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R7,980 – R57,000
Precious and famous cheetah mother Malaika portrays for this breathtaking photograph. While she sits proudly, three of her cubs are jumping and cuddling her from the front and back. Proud and Joy as every
mother can relate to!
I sit in the open Land Rover, a cold breeze tickles my nose and I can feel the weather changing. There was even a few down pours the last couple of days. It is quiet around me, the happy chirping of some birds adds peacefully to the scene.
My eyes focused on Malaika (“angle/good spirit”in Swahili), the extraordinary cheetah and mother to six cubs. We have already spent a couple of days with them and she happily tolerated us.
Something in her eyes shows that she is stressed as her cubs are hungry, they have not eaten for two days. Malaika cannot afford another unsuccessful hunt today. Her head moves constantly in different directions in search of some prey. Despite the hunger her offspring is quirky as it can be and competing for their mother’s attention.
The sky darkens and Malaika’s stares into the distance.
She looks so superior and strong. One of the cubs hugs her from the back. While I am documenting this with my camera, two other cubs come running by and jump up from the front. Malaika stays focused.
All of a sudden, wind gusts rushes over the plains, then … the clouds open up and it starts pouring down. We leave immediately because we know that the tracks are worn out and muddy and that it will be challenging if not impossible for us to cross the Talek River now.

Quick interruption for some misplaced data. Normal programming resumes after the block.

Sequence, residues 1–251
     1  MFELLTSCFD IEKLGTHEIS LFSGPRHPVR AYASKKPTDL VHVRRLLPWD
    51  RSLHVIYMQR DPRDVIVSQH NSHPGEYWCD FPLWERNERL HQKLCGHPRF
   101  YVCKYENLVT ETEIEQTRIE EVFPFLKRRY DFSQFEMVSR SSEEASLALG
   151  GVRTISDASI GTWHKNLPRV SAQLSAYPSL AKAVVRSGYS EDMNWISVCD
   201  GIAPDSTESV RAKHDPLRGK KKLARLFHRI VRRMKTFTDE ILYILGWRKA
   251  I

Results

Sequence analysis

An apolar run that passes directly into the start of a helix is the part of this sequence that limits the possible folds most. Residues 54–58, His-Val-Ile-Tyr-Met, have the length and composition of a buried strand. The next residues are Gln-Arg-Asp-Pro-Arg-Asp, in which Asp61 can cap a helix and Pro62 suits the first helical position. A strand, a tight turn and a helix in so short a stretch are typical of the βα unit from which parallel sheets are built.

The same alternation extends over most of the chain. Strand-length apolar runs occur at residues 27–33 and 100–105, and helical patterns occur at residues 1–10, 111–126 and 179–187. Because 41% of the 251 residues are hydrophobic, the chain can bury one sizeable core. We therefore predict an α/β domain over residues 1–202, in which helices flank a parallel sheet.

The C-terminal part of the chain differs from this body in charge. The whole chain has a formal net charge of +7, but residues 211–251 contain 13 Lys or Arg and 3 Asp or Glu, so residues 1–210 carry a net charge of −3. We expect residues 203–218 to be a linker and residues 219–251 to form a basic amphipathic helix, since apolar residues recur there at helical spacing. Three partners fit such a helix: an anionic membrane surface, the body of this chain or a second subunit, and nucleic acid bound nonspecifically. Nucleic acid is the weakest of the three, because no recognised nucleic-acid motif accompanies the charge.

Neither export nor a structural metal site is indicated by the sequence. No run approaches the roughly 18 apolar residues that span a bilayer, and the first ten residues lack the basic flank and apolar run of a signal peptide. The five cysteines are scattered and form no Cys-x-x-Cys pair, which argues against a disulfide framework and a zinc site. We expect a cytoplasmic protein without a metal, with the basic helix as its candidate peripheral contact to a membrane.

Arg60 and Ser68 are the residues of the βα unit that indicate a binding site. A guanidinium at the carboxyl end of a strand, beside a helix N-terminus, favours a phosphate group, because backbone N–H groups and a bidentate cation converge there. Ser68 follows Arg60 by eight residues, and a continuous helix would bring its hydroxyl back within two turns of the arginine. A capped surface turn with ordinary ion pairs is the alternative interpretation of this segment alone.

When we get the riverbed, the water is already quite high. When we are half way through I think the worst is over and done. But no … I hear the wheels spinning. We are stuck!
We try to call the camp for help with our cellphones but for all our bad luck, both our batteries are flat. The rain gets stronger and stronger and our nerves are on the very end. We try to reach the camp via radio. Nothing. After a few tries another camp answers and they promise to send someone out. We still wait, as it gets dark. In our headlights I see hippos and hyenas are coming closer.
A few minutes later we hear the sound of a diesel motor. I feel relieved. The sent vehicle manages to pull us out.
When we return to camp the fire burns merrily and around it our waiting friends and colleagues wait excitedly to hear my story.
What a gift! These are the memories and experiences nobody can take away. I feel truly thankful to bring home such a unique photograph which I am sure, will be a great asset to the Pride of Africa Collection.